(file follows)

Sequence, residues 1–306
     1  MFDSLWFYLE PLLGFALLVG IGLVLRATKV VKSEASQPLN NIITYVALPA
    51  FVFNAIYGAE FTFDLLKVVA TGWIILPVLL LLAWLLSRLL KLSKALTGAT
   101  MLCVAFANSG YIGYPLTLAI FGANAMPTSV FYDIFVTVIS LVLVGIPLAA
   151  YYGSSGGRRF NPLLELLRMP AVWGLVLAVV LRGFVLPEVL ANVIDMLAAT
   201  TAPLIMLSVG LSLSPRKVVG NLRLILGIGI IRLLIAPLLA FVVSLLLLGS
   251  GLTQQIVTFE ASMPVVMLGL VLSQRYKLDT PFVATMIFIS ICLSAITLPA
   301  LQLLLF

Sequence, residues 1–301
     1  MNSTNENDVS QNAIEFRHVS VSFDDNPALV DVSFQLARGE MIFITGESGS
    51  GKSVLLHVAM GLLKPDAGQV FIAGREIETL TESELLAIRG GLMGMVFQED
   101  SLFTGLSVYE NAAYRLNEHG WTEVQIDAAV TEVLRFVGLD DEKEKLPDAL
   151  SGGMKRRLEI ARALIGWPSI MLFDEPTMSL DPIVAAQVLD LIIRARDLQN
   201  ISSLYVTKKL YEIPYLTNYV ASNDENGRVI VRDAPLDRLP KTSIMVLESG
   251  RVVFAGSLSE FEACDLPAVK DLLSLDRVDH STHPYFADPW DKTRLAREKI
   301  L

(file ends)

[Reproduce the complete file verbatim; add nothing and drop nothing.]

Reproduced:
Sequence, residues 1–306
     1  MFDSLWFYLE PLLGFALLVG IGLVLRATKV VKSEASQPLN NIITYVALPA
    51  FVFNAIYGAE FTFDLLKVVA TGWIILPVLL LLAWLLSRLL KLSKALTGAT
   101  MLCVAFANSG YIGYPLTLAI FGANAMPTSV FYDIFVTVIS LVLVGIPLAA
   151  YYGSSGGRRF NPLLELLRMP AVWGLVLAVV LRGFVLPEVL ANVIDMLAAT
   201  TAPLIMLSVG LSLSPRKVVG NLRLILGIGI IRLLIAPLLA FVVSLLLLGS
   251  GLTQQIVTFE ASMPVVMLGL VLSQRYKLDT PFVATMIFIS ICLSAITLPA
   301  LQLLLF

Sequence, residues 1–301
     1  MNSTNENDVS QNAIEFRHVS VSFDDNPALV DVSFQLARGE MIFITGESGS
    51  GKSVLLHVAM GLLKPDAGQV FIAGREIETL TESELLAIRG GLMGMVFQED
   101  SLFTGLSVYE NAAYRLNEHG WTEVQIDAAV TEVLRFVGLD DEKEKLPDAL
   151  SGGMKRRLEI ARALIGWPSI MLFDEPTMSL DPIVAAQVLD LIIRARDLQN
   201  ISSLYVTKKL YEIPYLTNYV ASNDENGRVI VRDAPLDRLP KTSIMVLESG
   251  RVVFAGSLSE FEACDLPAVK DLLSLDRVDH STHPYFADPW DKTRLAREKI
   301  L